Hope springs eternal in this collection of engaging–if long-winded–oral histories about the battle to earn a living from art.
Eisenberg, himself a struggling screenwriter, interviews dozens of writers, musicians, actors, producers and assorted hangers-on who tell how they keep body and soul together while following their muse. Some of the interviewees have made it; famous and successful, they offer mellow retrospectives on their salad days and avuncular words of wisdom. Some have definitely not made it; their lives are a tense day-to-day hustle, and their psychic defenses–â€œI was told from a few people who have watched our live performance that I was the best Dracula ever that they’ve seen," avers an L.A. actor-waiter-real estate broker–often border on self-delusion. Collectively, they offer a few nuggets of concrete advice for wannabe content providers–aspiring writers are repeatedly enjoined to set themselves a pages-per-day quota–along with plenty of exhortations to face your fears, brush off naysayers and dare to dream. Most of all, they warn, you gotta love it, or the humiliating auditions, rejections slips and cubicled temp jobs just aren't worth it. A lax editor, Eisenberg tends to allow his interviewees to ramble on at inordinate length, occasionally throwing in his own scatter-brained commentary. (Reprinted excerpts of memoirs and reminiscences by the likes of Tom Cruise, Stephen King and P.T. Barnum are pithier.) But readers with the patience to wade through the fluff will find many beguiling anecdotes–Clive Barker writing plays on the dole in Britain for nine years, sheltered by a failed playwright in the welfare bureaucracy; Jamie Farr being rewarded for his prayers to St. Jude with a part playing St. Jude himself.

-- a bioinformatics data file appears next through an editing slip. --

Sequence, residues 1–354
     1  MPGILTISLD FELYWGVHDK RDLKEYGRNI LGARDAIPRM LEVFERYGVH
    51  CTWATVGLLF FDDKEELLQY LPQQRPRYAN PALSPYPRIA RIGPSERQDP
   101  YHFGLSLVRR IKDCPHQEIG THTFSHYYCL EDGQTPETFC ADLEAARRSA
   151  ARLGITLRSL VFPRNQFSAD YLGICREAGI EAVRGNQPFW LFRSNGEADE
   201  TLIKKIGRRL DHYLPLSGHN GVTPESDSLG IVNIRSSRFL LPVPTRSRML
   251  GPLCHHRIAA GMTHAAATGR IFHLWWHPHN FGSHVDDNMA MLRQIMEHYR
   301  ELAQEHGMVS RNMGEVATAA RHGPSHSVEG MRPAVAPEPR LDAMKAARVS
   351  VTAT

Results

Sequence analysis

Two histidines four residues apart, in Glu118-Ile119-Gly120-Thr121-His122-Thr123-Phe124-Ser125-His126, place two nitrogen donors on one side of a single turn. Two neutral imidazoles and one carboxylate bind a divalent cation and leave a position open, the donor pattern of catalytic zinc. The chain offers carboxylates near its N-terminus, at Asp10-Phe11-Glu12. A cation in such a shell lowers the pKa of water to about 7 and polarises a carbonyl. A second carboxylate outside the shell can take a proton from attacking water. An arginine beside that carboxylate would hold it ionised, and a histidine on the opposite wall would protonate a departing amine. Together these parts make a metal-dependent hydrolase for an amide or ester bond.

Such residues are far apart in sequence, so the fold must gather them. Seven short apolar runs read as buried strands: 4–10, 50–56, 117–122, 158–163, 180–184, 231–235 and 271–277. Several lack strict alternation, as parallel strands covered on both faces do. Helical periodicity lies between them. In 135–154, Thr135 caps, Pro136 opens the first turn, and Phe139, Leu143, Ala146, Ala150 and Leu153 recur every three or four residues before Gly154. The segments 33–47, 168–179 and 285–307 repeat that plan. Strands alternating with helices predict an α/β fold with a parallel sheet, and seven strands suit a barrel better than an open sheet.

Although the tales present yet another excuse to procrastinate, would-be creatives may glean some inspiration from these pages.